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Are you a fan of shrimp? You’re not the only one – billions of people around the world depend on shrimp fisheries and aquaculture for this wonderful source of food. Other predators in the sea rely on shrimp for their daily meals. Here’s the catch: shrimp may not last long enough to make it to your plate. Like us and other animals, crustaceans in general have to deal with so many obstacles that threaten their survival. One obstacle that is not often thought about is bacterial infection. Did you know that seawater is literally teeming with hundreds of millions of bacteria? The only way a shrimp can make it is by using its immune response – the “quick, potent, and effective” way of defending against a huge, microscopic army! Sounds like the perfect shield, right?

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Shrimp is a common food source for many people. @Leslie Fink

Turns out that, like everything else in the science world, immunity comes at a big cost. It has been recently discovered that the immune response in crabs and shrimp against bacteria actually has a bad side effect: metabolic depression. In fact, the way the shrimp gets rid of bacteria in its bloodstream is by moving the bacteria to the gills, where it gets lodged and stays there for quite some time. The consequence? The lodged bacteria block blood flow through the gills, and the shrimp can’t get enough oxygen from the water. (Want to learn more? Click here)

Ouch, talk about a double whammy – fighting sickness plus oxygen blockage. One basic question comes to mind: can the shrimp still do what it needs to do while under such metabolic stress? This is where I come in. This summer, I am working under Dr. Karen Burnett in Hollings Marine Laboratory as an intern through the Research Experience for Undergraduates (REU) program in marine biology. We will be testing whether or not a shrimp’s immune response to a common bacteria affects its ability to perform daily activities. The activity of interest is called ‘tail-flipping’ (fancy name: caridoid escape reaction. Want to learn more? Click here)This really fast, reflex-like action needs to be in top shape for the shrimp to survive from predator attacks and to help it during feeding time.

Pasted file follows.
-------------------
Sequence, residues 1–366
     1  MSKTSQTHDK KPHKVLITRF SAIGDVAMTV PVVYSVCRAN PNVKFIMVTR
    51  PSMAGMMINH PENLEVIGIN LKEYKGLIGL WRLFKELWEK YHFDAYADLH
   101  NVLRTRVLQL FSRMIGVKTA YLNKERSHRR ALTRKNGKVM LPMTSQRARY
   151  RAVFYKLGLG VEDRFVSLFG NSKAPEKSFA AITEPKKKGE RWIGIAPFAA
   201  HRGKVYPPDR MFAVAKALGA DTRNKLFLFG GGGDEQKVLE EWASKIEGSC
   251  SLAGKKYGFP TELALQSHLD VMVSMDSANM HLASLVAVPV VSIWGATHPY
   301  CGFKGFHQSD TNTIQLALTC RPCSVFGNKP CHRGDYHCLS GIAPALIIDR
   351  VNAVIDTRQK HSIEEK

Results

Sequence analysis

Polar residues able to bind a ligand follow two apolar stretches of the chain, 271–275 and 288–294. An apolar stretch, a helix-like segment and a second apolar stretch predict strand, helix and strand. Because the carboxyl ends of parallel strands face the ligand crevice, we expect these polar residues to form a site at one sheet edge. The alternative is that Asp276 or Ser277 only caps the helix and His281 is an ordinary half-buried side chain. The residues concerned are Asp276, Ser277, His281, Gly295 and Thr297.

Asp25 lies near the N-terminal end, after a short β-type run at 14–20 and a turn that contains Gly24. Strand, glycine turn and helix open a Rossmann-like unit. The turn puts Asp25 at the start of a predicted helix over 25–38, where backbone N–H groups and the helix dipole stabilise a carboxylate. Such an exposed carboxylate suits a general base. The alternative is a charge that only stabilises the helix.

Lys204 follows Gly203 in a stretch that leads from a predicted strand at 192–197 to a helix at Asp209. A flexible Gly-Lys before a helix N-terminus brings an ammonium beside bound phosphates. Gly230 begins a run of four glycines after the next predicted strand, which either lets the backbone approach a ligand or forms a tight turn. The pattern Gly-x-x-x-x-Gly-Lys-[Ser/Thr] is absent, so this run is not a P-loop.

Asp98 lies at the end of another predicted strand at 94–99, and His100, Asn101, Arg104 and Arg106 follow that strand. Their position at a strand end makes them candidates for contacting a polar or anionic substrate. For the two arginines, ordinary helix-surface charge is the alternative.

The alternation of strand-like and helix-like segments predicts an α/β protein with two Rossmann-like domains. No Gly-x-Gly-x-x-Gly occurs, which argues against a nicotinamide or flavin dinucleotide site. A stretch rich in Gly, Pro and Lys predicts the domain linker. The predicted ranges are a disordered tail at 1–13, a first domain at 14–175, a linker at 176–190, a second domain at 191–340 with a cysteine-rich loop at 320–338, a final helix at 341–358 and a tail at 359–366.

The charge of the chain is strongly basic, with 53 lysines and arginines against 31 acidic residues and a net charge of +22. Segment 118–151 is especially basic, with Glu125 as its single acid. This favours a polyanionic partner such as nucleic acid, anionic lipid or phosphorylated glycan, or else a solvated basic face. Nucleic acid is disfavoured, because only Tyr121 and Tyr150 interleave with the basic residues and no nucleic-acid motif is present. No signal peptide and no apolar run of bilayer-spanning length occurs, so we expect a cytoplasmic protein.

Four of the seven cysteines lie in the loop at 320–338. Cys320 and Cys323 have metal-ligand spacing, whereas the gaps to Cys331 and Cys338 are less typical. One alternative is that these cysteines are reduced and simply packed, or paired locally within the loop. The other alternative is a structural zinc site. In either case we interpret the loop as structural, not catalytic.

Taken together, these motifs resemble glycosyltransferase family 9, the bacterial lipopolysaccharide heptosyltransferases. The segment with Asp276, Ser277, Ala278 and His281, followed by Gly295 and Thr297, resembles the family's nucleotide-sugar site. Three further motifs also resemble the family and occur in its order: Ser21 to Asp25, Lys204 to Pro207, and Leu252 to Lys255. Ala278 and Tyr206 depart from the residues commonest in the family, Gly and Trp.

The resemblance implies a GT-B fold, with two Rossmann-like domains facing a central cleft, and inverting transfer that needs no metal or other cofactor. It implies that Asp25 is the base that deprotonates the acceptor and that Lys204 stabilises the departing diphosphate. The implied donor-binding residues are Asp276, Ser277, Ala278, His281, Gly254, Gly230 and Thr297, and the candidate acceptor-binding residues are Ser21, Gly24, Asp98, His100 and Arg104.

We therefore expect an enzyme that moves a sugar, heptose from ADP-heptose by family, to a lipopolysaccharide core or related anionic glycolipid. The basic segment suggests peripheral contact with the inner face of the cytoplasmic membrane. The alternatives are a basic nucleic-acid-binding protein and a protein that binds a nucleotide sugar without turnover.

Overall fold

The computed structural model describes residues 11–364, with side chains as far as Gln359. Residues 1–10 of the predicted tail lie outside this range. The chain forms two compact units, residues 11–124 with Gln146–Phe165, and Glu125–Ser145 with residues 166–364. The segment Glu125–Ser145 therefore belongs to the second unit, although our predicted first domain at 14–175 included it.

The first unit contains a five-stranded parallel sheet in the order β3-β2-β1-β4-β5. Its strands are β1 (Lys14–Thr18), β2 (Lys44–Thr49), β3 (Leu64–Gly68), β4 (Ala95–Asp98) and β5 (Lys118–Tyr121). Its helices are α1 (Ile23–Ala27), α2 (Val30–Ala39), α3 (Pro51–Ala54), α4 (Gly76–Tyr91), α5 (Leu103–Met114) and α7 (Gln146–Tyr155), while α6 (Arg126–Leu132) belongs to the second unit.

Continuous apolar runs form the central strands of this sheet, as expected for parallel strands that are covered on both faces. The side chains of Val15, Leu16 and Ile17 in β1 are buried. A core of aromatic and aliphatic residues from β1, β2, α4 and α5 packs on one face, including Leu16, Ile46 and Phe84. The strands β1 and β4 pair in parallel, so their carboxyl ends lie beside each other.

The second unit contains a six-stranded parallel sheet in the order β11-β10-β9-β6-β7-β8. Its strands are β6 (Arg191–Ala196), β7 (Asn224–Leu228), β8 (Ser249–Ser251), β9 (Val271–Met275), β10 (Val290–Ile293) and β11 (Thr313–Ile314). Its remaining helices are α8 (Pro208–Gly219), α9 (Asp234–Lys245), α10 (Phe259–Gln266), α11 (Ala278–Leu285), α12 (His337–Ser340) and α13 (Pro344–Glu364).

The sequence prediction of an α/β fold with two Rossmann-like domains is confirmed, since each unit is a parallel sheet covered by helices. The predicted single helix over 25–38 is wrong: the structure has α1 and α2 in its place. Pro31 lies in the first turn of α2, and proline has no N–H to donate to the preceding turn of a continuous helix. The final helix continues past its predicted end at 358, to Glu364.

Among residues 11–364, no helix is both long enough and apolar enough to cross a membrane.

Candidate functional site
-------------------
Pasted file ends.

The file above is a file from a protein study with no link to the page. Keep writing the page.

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Also known as the ‘tail-flip’ reaction, this response is a shrimp’s primary means of escape. @Uwe Kils

The shrimp species of interest is Farfantepenaeus aztecus, or ‘Atlantic brown shrimp’. This fella is a familiar catch for fishermen throughout the Southeastern US and the Gulf of Mexico. This is the first time that a study like this is going to be done on a wild shrimp species in general, let alone this specific type!

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Farfantepenaeus aztecus, aka ‘Atlantic brown shrimp’. @Virginia Living Museum

So, can an immune response impact tail-flipping in wild shrimp? If ‘yes’, would the potentially handicapped shrimp be able to survive in its natural environment? We will soon find out!

Happy shrimping!

Alessandra Jimenez

REFERENCES:

Burnett, L. E., Holman, J. D., Jorgensen, D. D., Ikerd, J. L., & Burnett, K. G. (2006). Immune defense reduces respiratory fitness in Callinectes sapidus, the Atlantic blue crab. Biological Bulletin, 211(1), 50-57.

Fuhrman, J. A. (1999). Marine viruses and their biogeochemical and ecological effects. Nature, 399(6736), 541-548.

Latournerie, J.R., Gonzalez-Mora, I.D., Gomez-Aguirre, S.G., Estrada-Ortega, A.R., & Soto, L.A. (2011).                   Salinity, temperature, and seasonality effects on the metabolic rate of the brown shrimp Farfantepenaeus Aztecus (Ives, 1891) (Decapoda, Penaeidae) from the coastal Gulf of Mexico.Crustaceana 84(12-13), 1547-1560. doi: 10.1163/156854011X605738

Scholnick, D. A., Burnett, K. G., & Burnett, L. E. (2006). Impact of exposure to bacteria on metabolism in the penaeid shrimp Litopenaeus vannamei. Biological Bulletin, 211(1), 44-49.

Many thanks to College of Charleston for hosting my project, Dr. Karen Burnett and Hollings Marine Laboratory for guidance and work space, and NSF for funding the REU program.